Psych-folkers’ Crimes worth committing to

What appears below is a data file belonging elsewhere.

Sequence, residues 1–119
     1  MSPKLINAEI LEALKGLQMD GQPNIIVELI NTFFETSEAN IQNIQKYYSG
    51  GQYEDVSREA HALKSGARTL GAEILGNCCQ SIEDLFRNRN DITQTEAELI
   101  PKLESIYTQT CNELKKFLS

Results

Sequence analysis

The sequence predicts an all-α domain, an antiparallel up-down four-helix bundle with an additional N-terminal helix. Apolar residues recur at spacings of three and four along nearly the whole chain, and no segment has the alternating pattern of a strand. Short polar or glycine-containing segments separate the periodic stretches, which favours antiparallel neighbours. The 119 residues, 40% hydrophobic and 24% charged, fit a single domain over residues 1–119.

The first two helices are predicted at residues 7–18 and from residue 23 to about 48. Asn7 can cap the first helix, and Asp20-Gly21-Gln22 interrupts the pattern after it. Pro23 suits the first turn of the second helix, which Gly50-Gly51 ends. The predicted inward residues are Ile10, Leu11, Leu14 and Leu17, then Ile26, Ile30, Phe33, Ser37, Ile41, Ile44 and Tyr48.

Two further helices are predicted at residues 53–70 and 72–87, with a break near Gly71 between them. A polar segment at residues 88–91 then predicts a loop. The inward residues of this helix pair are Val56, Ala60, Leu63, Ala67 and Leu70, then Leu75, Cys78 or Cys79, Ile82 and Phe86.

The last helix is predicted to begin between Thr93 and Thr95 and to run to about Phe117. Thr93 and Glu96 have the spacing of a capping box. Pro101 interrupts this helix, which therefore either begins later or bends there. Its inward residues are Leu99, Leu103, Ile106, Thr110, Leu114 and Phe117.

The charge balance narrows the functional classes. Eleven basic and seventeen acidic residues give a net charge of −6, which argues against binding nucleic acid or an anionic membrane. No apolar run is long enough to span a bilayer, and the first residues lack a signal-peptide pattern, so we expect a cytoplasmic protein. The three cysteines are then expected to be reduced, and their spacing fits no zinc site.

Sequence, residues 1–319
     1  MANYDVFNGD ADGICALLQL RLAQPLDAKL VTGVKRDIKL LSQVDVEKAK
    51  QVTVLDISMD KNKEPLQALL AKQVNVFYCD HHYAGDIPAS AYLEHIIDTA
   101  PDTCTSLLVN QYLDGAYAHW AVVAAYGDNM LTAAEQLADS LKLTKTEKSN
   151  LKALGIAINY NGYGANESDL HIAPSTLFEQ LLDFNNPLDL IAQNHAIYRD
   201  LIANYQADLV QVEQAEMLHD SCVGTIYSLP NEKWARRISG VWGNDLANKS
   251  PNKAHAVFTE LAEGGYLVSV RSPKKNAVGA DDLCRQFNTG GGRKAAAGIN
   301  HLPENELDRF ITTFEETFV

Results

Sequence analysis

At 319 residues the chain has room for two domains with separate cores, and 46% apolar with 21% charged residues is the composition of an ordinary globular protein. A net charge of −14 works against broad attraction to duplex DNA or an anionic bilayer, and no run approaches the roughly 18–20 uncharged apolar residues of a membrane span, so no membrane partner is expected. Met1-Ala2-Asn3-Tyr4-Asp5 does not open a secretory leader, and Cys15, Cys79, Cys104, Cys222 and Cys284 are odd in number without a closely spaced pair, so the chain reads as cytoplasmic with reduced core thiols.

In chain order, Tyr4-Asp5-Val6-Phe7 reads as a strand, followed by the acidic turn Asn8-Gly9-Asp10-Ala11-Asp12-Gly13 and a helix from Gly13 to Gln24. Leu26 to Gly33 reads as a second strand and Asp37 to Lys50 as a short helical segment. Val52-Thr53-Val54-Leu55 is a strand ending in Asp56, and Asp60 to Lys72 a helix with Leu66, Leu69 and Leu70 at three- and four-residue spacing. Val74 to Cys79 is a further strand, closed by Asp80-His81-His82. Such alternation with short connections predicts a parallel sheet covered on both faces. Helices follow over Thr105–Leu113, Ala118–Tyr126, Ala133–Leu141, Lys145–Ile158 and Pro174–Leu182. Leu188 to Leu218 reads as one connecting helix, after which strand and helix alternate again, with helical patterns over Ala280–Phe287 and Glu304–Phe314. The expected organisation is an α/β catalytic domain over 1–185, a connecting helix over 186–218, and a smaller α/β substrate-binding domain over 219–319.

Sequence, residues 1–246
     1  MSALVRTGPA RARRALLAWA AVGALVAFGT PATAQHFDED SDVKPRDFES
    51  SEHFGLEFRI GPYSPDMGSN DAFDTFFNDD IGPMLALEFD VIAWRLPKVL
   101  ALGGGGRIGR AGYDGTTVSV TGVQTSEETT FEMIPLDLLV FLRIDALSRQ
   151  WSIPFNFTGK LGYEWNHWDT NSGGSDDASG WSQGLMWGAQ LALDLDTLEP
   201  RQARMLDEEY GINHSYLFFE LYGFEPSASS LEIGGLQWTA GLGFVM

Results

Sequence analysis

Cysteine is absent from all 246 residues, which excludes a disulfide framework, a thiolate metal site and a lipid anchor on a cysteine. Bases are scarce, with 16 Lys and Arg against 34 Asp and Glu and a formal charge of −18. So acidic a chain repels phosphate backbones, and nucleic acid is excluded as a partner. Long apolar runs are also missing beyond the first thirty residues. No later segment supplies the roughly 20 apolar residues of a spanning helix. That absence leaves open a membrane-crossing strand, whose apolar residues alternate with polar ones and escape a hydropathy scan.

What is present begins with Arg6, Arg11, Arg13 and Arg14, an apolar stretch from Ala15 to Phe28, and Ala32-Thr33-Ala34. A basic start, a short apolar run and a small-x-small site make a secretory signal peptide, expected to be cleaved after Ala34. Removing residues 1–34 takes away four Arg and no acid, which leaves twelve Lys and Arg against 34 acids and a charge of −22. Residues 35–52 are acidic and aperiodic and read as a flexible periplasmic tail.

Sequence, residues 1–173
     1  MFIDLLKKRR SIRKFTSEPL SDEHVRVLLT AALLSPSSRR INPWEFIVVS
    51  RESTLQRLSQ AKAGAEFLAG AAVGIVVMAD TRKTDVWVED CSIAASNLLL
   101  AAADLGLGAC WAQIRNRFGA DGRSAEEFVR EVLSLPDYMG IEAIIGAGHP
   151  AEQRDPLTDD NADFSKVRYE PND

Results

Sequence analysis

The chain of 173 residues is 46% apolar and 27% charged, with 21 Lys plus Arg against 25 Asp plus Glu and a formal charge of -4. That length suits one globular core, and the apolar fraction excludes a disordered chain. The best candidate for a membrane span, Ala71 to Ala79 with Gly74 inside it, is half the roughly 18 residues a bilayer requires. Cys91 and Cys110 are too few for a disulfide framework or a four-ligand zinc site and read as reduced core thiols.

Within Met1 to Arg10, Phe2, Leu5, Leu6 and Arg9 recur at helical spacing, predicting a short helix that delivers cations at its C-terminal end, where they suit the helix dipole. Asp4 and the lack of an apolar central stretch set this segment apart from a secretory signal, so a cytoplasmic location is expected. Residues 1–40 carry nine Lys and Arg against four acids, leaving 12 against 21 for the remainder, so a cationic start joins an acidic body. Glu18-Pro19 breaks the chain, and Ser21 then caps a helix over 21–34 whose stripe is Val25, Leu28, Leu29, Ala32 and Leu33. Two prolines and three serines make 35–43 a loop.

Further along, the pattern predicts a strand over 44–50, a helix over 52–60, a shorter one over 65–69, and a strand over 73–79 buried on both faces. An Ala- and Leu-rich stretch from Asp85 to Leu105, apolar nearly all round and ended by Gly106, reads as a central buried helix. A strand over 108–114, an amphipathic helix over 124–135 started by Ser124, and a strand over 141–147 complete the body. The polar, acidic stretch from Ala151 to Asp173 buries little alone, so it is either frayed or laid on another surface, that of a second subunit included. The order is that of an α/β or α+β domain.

Crimes begins labyrinthine and grandiose, shoving Cain, Dionysius, Don Quixote and Chief Logan into the first two minutes of cataloging opener “West Won.” But where digressive hyper-reference pulled some punch from These United States’ debut, A Picture of the Three of Us At the Gate to the Garden of Eden, helmsman Jesse Elliott cites with a surgeon’s precision in his second go-round. The 12-song cycle coils around itself in tales that rage and lull in turns, Elliott charting thieves’ honor, murderous worlds, science, space, salvation and sin in a brittle croon. For having such heavy themes, Crimes’ shuffling feel is an impressive achievement, indicative of the finicky alloy the band managed to forge here. Steady-on folk songwriting has matured to include full-bodied, rise-and-fall structures and call-and-response choruses, while a jangling sheath of electric psychedelics and babbling piano lines—contributed by a cast of D.C. players (now not just debut-collaborator David Strackany)—marks this compendium as a rousing, communal affair befitting its epic and twisted ambition.